Greenville County, S.C., there exists three self-proclaimed gay bars,
one gay bookstore, several gay-owned and operated businesses and international
corporations that understand the importance of including sexual orientation
in their non-discrimination policies. In fact, some of the larger corporations
(Fluor, Daniel, Michelin) include domestic partnership benefits.
As well, there are several active LGBT individuals in the Greenville area:
a businessman who served on the board of directors for a local AIDS organization;
another businessman who has helped improve urban development and subsequently
provided affordable housing specifically for members of the LGBT community;
a nurse practioner who donates the money she once gave to a church that
asked her to leave to organizations that support equal rights for LGBT
people and an artist who admits she “is inspired by gay themes.” Yet
none of these people want their names associated with the gay community
or — more specifically — in an arena where the straight community
might discover their secrets.
They patronize gay establishments and even contribute to LGBT organizations,
but they choose to do it anonymously. At first look this appears to be
a dichotomy that just shouldn’t exist, but upon further examination,
interviews and observations one finds that being in the closet is a way
of life for a large percentage of gay and lesbian Greenville residents.
Given the fact the county once passed a resolution (in 1996) stating the “homosexual
lifestyle wasn’t compatible with the values of the existing community,” then
why are there so many LGBT people here? Why do they continue to accept
the role of second-class citizen, as approved by their very own government?
The responses I received were disturbing and clearly indicative of the
state of apathy that exists in Greenville’s LGBT community.
One of the businessmen, who refused to let me use his name said, “I
have never felt discriminated against. I live a very comfortable life,
don’t plan on getting married and am happy just the way that I am.”
Said the nurse practioner: “My church once shunned me.” Even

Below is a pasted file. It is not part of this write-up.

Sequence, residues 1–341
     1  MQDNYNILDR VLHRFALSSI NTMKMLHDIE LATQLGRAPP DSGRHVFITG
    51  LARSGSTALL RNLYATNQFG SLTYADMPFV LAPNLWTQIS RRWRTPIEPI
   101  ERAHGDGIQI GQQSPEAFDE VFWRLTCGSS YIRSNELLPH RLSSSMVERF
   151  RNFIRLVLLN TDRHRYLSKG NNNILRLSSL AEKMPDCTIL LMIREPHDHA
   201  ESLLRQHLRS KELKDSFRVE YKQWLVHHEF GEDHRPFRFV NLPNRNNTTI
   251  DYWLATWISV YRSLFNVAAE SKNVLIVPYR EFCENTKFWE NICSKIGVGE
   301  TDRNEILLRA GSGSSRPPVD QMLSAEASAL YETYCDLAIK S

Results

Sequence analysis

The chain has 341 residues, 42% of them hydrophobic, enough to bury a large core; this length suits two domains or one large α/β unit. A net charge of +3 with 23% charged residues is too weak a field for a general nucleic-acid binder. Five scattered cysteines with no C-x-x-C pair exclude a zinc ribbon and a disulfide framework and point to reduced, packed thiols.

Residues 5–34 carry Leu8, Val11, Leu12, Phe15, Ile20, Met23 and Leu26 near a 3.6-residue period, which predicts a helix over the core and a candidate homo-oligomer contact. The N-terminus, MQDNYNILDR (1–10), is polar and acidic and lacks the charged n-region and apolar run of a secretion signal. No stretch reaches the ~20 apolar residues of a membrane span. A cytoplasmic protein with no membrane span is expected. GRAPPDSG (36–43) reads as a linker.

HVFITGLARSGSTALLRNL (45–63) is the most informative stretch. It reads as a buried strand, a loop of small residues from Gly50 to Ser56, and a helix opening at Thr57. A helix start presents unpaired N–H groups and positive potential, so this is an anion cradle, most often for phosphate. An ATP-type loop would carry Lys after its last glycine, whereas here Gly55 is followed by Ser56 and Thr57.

though she confirmed that she attended MCC-Greenville when it was housed
inside of another church, now, she says, “Once they moved, I was
afraid someone would see me going into a gay church — I am not out
The artist said she “didn’t want to associate with the gay
community,” because it “would jeopardize her career” and
that she didn’t believe the issues concernng “bisexuals and
transgender people,” had anything to do with her.
After numerous attempts to contact the mayor and both city and county council
for their opinion or insight as to why their LGBT residents seemingly feel
the need to stay firmly locked in the closet, I received no response.
After that dead end, I decided on another approach: this time I asked what
elected officials were doing to ensure that their constituents could live
comfortably, peacefully and without fear in their own community. Butch
Kirven, co-chair of the Greenville County Council, left me this email: “We
regard all our citizens equally.”
A nice sentiment from Kirven. However, almost 10 years later, I believe
we are still seeing a reaction to the 1996 resolution. Before and since
that time Greenville’s LGBT community has been made to feel unwelcome
in the town they call home.
How can the LGBT community expect to achieve equality from within the closet?
Now is the time for Greenville’s LGBT community to stand up against
the forces that oppress us.
Reach out to groups like PFLAG, MCC, Upstate Equality and Upstate Equality
Project. If we work together, we can make a change in the way Greenville
treats her LGBT citizens and how those very citizens feel about themselves.